validationState: { ... } // A map of Forms Control validation states
}
Submit Source

The second argument passed to the onSubmit callback will be the submit source. In the case of an html form submit, the value will be native_submit. In the case of a custom submit control, it will be the name of the control.

import CustomSubmit from './some/path/CustomSubmit';

// Should log 'native_submit'
<Form onSubmit={(formState, source) => console.log(source)}>
  <button type="submit">Submit</button>
</Form>

// Should log 'customSubmit'
<Form onSubmit={(formState, source) => console.log(source)}>
  <Form.Control name="customSubmit" component={CustomSubmit} submit />
</Form>

Control

A <Control /> is a HOC that wraps and provides all <Form /> interaction to any controls you would like to use in your form.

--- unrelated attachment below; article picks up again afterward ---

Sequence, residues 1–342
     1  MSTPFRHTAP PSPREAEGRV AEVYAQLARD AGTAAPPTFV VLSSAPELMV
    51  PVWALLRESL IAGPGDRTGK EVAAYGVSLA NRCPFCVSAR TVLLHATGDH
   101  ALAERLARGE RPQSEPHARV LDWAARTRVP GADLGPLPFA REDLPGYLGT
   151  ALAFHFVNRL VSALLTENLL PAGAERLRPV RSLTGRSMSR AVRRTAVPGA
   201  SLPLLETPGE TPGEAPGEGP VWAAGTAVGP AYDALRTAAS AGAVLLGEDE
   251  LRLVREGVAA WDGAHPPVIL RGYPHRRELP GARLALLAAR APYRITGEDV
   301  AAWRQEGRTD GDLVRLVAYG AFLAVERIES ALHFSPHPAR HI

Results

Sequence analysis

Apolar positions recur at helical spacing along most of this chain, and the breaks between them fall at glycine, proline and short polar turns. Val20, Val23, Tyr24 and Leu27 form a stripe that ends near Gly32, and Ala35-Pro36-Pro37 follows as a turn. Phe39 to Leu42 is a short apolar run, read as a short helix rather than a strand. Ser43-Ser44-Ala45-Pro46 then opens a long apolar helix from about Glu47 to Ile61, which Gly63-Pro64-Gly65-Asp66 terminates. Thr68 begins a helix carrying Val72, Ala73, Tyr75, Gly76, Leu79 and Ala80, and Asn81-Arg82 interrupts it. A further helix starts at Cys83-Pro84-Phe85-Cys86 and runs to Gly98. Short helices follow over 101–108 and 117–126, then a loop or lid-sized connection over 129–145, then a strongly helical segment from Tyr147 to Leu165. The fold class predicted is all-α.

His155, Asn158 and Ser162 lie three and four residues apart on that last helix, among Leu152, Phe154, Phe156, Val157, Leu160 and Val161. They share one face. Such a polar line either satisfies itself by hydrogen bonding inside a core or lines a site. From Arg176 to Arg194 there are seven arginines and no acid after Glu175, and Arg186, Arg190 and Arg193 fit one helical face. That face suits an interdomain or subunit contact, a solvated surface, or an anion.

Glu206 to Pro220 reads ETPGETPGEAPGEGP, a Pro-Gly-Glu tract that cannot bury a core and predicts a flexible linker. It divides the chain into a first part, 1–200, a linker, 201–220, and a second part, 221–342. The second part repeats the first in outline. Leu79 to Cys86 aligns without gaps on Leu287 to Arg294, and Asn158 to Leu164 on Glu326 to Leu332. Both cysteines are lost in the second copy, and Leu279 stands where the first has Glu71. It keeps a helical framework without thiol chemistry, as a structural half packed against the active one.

Props
Prop Type Description
name string The name to call the component
component React.Component The component to use as a control
value any The current value of the control when using in a managed form
defaultValue any The initial value of the control
validators {} A map of validators to be apply to this control on value change
peerDependencies {} A list of peer <Control /> components names whos values will need to be used in one or more of the controls validators.
isValidCheck (validationState)=>boolean A predicate that will be used to determine the overall valid key of the controls validationState. The default validator considers any false validation values to be considered valid: false
submit bool If true this control will now be treated as a submittable. value, defaultValue, validators, peerDependencies and isValidCheck will no longer have any effect when this is enabled.
... ... All other props will be forwarded to the control wrapper passed in component prop.